LORIEN FOOTE IS PROFESSOR OF HISTORY AND DIRECTOR OF GRADUATE STUDIES AT TEXAS A&M UNIVERSITY. SHE IS THE AUTHOR OF THREE BOOKS ABOUT THE CIVIL WAR, INCLUDING THE YANKEE PLAGUE: ESCAPED UNION PRISONERS AND THE COLLAPSE OF THE CONFEDERACY (UNIVERSITY OF NORTH CAROLINA PRESS, 2016).

Gerald J. Prokopowicz

Top Pick: Steven E. Sodergren’s The Army of the Potomac in the Overland & Petersburg Campaigns: Union Soldiers and Trench Warfare, 1864–1865 (Louisiana State University Press) accomplishes the rare feat of uncovering something substantially new about a major Civil War military campaign. As the centennial of World War I stirs up images of the horrors of trench warfare, Sodergren’s research leads him to the remarkable conclusion that for Union soldiers, life in the trenches of Petersburg actually came as a welcome improvement over their even more brutal experiences during the Overland Campaign. Other historians including Gordon Rhea, Richard Sommers, and Hampton Newsome have written brilliantly about individual battles during this period, but Sodergren is the first to focus on the ebb and flow of the Army of the Potomac’s morale over the entire 11 months from the Wilderness to Appomattox. Looking at court-martial records, letters, and diaries, he finds that the army came closer to collapse in the summer of 1864 than commonly recognized. Even more surprising, he argues that it was the onset of trench warfare that provided sufficient structure and safety for men to recover their discipline and demonstrate their resilience, even while living in constant discomfort and frequent danger. It’s a book that invites rethinking about the relative horrors of mobile and positional warfare, with applications to other conflicts from World War I to the 21st century.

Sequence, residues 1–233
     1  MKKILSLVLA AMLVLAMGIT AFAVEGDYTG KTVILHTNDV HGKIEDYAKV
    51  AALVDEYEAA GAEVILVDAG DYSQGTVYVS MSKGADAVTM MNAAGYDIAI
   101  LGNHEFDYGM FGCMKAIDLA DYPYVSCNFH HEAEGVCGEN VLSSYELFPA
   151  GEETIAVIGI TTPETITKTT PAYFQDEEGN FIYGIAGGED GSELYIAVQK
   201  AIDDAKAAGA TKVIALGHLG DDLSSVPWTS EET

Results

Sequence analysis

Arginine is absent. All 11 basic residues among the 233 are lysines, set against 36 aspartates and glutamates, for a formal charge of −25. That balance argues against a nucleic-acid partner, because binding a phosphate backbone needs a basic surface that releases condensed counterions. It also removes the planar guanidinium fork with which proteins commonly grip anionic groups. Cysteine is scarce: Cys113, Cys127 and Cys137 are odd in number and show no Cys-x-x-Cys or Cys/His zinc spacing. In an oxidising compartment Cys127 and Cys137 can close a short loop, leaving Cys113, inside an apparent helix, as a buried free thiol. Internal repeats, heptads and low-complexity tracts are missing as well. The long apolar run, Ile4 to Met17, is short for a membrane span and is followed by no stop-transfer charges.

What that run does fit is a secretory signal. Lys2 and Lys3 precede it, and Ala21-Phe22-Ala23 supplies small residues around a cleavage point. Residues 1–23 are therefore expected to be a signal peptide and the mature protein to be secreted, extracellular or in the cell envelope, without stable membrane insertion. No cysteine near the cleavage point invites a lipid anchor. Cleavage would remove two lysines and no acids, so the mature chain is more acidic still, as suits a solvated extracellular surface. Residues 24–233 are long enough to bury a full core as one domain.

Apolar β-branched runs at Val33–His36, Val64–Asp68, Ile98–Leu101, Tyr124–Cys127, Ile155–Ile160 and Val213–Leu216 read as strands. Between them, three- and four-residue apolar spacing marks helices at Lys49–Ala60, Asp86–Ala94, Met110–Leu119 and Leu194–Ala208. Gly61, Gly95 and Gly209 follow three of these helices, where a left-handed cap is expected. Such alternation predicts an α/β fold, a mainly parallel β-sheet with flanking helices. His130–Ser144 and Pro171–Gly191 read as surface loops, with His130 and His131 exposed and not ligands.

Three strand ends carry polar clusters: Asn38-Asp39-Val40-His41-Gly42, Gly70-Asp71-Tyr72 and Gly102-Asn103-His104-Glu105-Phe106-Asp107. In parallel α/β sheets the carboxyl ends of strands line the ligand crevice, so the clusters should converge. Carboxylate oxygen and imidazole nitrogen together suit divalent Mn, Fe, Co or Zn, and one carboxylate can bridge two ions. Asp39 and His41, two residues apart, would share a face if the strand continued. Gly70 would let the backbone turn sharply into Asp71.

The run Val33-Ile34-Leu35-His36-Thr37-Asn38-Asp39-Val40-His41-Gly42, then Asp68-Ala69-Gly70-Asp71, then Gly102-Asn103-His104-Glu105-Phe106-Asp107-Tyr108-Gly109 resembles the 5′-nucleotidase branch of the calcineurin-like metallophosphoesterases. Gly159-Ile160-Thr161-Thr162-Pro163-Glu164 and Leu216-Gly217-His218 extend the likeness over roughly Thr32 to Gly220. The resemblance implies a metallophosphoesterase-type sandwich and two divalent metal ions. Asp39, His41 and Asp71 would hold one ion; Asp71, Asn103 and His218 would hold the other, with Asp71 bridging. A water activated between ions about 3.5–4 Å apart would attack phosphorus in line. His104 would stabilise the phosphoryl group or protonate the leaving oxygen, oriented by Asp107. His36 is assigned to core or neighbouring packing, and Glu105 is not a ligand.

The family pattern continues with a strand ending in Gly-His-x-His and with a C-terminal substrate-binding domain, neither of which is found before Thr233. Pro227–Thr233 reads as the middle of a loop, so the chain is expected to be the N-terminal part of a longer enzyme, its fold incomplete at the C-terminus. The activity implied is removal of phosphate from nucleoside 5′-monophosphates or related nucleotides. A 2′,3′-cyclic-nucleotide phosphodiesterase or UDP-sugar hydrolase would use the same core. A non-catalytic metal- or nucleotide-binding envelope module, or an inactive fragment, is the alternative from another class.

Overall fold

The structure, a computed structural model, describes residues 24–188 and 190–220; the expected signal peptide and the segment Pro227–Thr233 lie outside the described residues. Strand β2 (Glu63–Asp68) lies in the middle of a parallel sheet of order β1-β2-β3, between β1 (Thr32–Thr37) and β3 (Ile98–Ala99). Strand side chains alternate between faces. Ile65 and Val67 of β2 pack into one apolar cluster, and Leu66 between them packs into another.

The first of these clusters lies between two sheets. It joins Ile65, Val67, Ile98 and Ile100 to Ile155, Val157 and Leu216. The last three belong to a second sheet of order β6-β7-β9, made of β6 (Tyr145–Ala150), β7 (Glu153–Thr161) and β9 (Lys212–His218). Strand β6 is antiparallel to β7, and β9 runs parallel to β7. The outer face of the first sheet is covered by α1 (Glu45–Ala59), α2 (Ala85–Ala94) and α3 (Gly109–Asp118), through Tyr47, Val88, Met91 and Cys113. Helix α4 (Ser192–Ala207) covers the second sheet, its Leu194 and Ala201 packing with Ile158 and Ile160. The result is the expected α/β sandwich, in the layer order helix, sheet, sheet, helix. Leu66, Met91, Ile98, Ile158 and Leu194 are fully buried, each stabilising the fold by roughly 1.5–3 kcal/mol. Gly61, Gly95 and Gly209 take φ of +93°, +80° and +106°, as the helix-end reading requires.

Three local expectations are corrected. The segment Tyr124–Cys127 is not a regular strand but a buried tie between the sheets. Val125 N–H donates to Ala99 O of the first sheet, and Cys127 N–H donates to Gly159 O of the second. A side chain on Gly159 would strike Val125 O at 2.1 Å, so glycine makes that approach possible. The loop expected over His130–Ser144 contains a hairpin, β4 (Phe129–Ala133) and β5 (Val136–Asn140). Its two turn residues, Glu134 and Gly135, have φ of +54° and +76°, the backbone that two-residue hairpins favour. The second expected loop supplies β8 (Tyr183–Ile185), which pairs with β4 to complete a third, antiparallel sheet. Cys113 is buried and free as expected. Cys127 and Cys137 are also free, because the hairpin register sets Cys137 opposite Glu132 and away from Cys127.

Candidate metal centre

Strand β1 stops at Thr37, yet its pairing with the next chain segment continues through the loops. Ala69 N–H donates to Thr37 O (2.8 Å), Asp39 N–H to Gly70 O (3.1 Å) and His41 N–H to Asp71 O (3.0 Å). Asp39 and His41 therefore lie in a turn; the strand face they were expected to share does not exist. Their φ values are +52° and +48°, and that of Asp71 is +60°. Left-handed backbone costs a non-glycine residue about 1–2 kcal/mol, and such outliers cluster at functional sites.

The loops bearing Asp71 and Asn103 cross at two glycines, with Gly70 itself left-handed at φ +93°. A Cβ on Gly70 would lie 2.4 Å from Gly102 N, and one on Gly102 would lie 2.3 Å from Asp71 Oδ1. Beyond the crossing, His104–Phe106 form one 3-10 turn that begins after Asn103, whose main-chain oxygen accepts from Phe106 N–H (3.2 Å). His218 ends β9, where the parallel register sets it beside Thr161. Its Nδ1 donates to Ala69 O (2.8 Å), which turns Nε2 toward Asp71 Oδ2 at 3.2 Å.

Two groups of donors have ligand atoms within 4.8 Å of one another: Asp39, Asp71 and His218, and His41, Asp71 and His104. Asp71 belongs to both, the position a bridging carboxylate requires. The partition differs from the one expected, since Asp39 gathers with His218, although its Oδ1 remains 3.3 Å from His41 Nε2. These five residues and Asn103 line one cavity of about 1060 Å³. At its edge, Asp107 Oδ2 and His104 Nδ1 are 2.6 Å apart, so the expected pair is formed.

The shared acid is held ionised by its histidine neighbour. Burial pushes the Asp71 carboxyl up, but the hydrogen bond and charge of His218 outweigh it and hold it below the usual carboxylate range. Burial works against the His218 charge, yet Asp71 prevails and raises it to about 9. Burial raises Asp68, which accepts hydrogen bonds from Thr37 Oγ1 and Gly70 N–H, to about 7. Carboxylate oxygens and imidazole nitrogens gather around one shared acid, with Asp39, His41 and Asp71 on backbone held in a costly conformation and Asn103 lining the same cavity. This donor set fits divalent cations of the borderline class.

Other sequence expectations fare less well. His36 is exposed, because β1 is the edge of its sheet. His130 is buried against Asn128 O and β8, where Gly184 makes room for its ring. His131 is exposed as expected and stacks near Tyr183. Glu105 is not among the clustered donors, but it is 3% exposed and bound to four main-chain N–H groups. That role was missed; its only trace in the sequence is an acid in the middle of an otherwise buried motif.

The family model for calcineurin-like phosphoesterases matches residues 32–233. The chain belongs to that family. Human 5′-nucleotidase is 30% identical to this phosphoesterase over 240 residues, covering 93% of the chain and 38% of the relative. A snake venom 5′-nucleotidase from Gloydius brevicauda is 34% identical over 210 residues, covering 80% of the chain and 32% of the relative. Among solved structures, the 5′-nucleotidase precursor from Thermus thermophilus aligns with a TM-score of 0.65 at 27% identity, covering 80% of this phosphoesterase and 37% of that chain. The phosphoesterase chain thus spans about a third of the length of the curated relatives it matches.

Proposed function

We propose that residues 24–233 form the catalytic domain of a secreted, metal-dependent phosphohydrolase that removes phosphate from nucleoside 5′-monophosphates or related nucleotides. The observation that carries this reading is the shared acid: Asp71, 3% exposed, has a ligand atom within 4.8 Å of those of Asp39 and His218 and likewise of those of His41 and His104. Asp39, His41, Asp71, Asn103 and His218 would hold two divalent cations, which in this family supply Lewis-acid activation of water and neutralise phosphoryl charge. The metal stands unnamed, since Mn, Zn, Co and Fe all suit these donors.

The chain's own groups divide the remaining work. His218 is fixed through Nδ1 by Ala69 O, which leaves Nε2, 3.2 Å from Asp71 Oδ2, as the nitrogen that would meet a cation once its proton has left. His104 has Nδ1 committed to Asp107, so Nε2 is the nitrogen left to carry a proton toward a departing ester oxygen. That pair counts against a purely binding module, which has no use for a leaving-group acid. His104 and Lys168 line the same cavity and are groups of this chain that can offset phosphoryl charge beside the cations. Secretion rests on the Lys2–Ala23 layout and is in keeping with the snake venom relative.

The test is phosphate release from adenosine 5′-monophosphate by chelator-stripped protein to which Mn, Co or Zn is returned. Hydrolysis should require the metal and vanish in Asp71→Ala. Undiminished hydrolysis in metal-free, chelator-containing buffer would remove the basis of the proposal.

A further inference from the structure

Honorable Mention: Two books that pushed the boundaries of Civil War scholarship deserve equal mention here. The first is Judith Giesberg’s Sex and the Civil War: Soldiers, Pornography, and the Making of American Morality. Editor Bennett Cerf supposedly once said the ideal topic for a sure-fire bestseller would be “Lincoln’s doctor’s dog”; Giesberg has updated that by combining the Civil War, soldiers, and sex. More important, her approach is much more sophisticated and nuanced than that of Thomas P. Lowry, author of the only previous book on the topic. The second book is Jonathan W. White’s Midnight in America: Darkness, Sleep, and Dreams During the Civil War. With tens (maybe hundreds) of thousands of books written about the Civil War, none until now has focused on the eight (or often fewer) hours when soldiers and civilians slept. White’s examination of their accounts of dreams reminds us both of cultural differences and human similarities between their lives and ours.